Where a clear mistake has been made by officials, a complaint may be worthwhile but in most cases it will often be necessary to bring a legal challenge. Where the person refused entry is a family member, there will usually be a right of appeal to the immigration tribunal on human rights grounds. In other cases where there is no right of appeal, an application for judicial review will be necessary.

Helpful cases

There are a small number of cases that might help applicants refused under paragraph 320(11) on the grounds of contriving to frustrate the intentions of the rules.

JC (Part 9 HC395) – burden of proof) China [2007] UKAIT 27

This case ruled that

In relation to all of the general grounds the burden of proof is on the decision-maker […] to establish the facts relied upon” (paragraph 10)

The entry clearance officer, therefore, will bear the burden of proof to show that an applicant should be refused, rather than an applicant needing to prove that he or she should not be refused.

What this means in practice is that an applicant does not have any positive obligation to disclose matters which would prejudice his or her case, provided he or she never deceives (or they could be subject to a ten-year entry ban). Unless the application form specifically asks for it, therefore, an applicant would not need to disclose, for example, that they previously entered into a sham marriage.

PS (paragraph 320(11) discretion: care needed) India [2010] UKUT 440 (IAC)

In this case, the judge said:

In exercising discretion under paragraph 320(11) […], the decision maker must exercise great care in assessing the aggravating circumstances said to justify refusal and must have regard to the public interest in encouraging those unlawfully in the United Kingdom to leave and seek to regularise their status by an application for entry clearance. (my emphasis)

In the tribunal’s conclusions Kenneth Parker J elaborated:

The Entry Clearance Officer, in making the decision of refusal, refers nowhere to the guidance under paragraph 320(11).  It is therefore wholly unclear whether the Entry Clearance Officer has addressed his mind to the relevant question, namely whether in the circumstances of this case Mr S’s breach of UK immigration law was sufficiently aggravating so as to justify the refusal.  It seems to us that the Entry Clearance Officer should have specifically recognised that Mr S had voluntarily left the United Kingdom more than 12 months ago with a view to regularising his immigration status.  […]  If the aggravating circumstances are not truly aggravating there is in this context a serious risk that those in the position of Mr S will simply continue to remain in the United Kingdom unlawfully and will not seek to regularise their status as he has sought to do.  The effect then is likely to be counter-productive to the general purposes of the relevant rules and to the maintenance of a coherent system of immigration. (my emphasis)

It further states that

Mr S had made a claim under Article 8 which, standing alone, may not have been very strong.  Nonetheless the family circumstances needed to be evaluated carefully in the balancing exercise to which we have referred.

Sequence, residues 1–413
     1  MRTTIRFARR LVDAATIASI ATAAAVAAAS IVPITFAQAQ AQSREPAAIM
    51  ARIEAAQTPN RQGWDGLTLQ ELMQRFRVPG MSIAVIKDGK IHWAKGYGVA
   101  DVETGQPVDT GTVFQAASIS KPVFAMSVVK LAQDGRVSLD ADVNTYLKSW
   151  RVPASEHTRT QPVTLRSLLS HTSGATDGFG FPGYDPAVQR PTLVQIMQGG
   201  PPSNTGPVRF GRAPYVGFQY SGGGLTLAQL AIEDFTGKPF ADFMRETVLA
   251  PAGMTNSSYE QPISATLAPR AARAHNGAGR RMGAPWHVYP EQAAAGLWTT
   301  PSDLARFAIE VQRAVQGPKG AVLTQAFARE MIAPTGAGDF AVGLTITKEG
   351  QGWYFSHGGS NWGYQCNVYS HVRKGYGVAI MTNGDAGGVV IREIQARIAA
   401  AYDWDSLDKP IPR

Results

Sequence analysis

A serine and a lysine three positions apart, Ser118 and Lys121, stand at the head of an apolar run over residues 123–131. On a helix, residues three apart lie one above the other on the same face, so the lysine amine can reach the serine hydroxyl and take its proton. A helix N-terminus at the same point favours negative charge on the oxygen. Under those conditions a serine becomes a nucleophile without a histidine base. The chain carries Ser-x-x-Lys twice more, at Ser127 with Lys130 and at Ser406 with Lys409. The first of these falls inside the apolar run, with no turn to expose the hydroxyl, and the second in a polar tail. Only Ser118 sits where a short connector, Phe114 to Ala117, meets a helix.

This case is helpful in that it confirms that

  1. When deciding of an application, the entry clearance officer should look favourably at the fact that an applicant decided to leave the UK and submit a new application to regularise their status.
  2. Family circumstances need to be taken into account when deciding an application.

ZH (Bangladesh) v SSHD [2009] EWCA Civ 8

In this case, the Court of Appeal observed that illegal working was part and parcel of illegal residence and did not exclude success under a rule designed to regularise some such persons. Presumably, one could apply this case to argue that illegal working should not be considered an aggravating circumstance, but simply goes to show that stage 1 of the test is met.

The guidance suggests that entry clearance officers would agree with this argument, as it specifies that an aggravated circumstances for illegal work is when it is “in breach [of] visitor conditions” and “within short time of arrival in the UK (indicating a deliberate intention to work)”. Had it wanted to catch all instances of unlawful work, the guidance would simply have said “previous illegal work”.

Example 3

Luis was an overstayer in the UK between January 2014 and January 2016. In January 2015, he meets Paul, a British citizen, and they enter in a relationship. They get engaged in December 2015.

Having taken legal advice, in January 2016, Luis decides that he will return home and apply for a visa to enter the UK as Paul’s fiancé.

While in the UK as an overstayer, Luis had access to housing benefits, despite not being entitled to them. Luis worked at all times in the UK.

Firstly, it is possible that the entry clearance officer will not know of the aggravating circumstances in this case, in particular the fact that Luis accessed benefits. Unless asked in the application form, Luis has no obligation to disclose that he received benefits and worked in the UK.

In addition, when submitting the application on behalf of Luis, his legal representatives may want to consider making the following representations for why his application should not be refused under paragraph 320(11):

– Luis should be given credit for having decided to regularise his status by leaving the UK and applying for entry clearance.

– The disruption of Luis’ family life with Paul should be taken into consideration by the entry clearance officer when deciding of the application.

– Luis’ work alone should not be treated as an aggravating circumstance in this application.

This article was originally published in March 2017 and has been updated so that it is correct as of the new date of publication shown.

Nath Gbikpi

Nath is a solicitor and has worked with Wesley Gryk Solicitors since June 2014. Nath read Development Studies and Politics at the School of Oriental and African Studies (SOAS), before obtaining an MSc in Refugee and Forced Migration Studies at the University of Oxford and an LLB at the University of London. She tweets: @NathGbikpi.